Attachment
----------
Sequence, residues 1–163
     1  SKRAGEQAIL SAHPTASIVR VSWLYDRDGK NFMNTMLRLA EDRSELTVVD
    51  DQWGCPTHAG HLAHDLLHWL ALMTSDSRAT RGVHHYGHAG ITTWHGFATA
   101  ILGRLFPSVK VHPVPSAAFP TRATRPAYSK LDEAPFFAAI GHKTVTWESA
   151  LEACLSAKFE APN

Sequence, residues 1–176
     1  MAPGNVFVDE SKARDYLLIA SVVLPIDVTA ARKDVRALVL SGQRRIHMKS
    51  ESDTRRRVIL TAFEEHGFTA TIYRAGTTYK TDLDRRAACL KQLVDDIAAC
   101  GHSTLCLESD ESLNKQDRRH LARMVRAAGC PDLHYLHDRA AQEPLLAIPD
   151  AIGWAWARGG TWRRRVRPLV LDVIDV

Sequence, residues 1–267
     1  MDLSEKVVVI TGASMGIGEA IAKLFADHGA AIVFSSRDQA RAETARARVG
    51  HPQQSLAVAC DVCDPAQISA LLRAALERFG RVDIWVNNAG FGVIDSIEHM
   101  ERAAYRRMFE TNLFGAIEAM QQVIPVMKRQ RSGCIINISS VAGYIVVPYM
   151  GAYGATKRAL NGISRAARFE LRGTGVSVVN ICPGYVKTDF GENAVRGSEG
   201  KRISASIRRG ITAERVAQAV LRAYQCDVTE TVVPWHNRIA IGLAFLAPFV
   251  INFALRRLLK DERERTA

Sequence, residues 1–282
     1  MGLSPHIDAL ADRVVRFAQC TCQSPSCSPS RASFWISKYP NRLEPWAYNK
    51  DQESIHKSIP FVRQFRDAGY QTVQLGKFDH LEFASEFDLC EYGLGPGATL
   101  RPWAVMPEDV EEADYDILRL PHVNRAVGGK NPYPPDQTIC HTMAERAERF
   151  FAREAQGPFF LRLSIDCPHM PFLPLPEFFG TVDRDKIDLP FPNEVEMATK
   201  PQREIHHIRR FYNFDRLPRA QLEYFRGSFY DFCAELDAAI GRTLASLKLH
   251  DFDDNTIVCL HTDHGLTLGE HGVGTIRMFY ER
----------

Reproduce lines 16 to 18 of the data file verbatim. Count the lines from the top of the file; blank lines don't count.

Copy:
   201  KRISASIRRG ITAERVAQAV LRAYQCDVTE TVVPWHNRIA IGLAFLAPFV
   251  INFALRRLLK DERERTA

Sequence, residues 1–282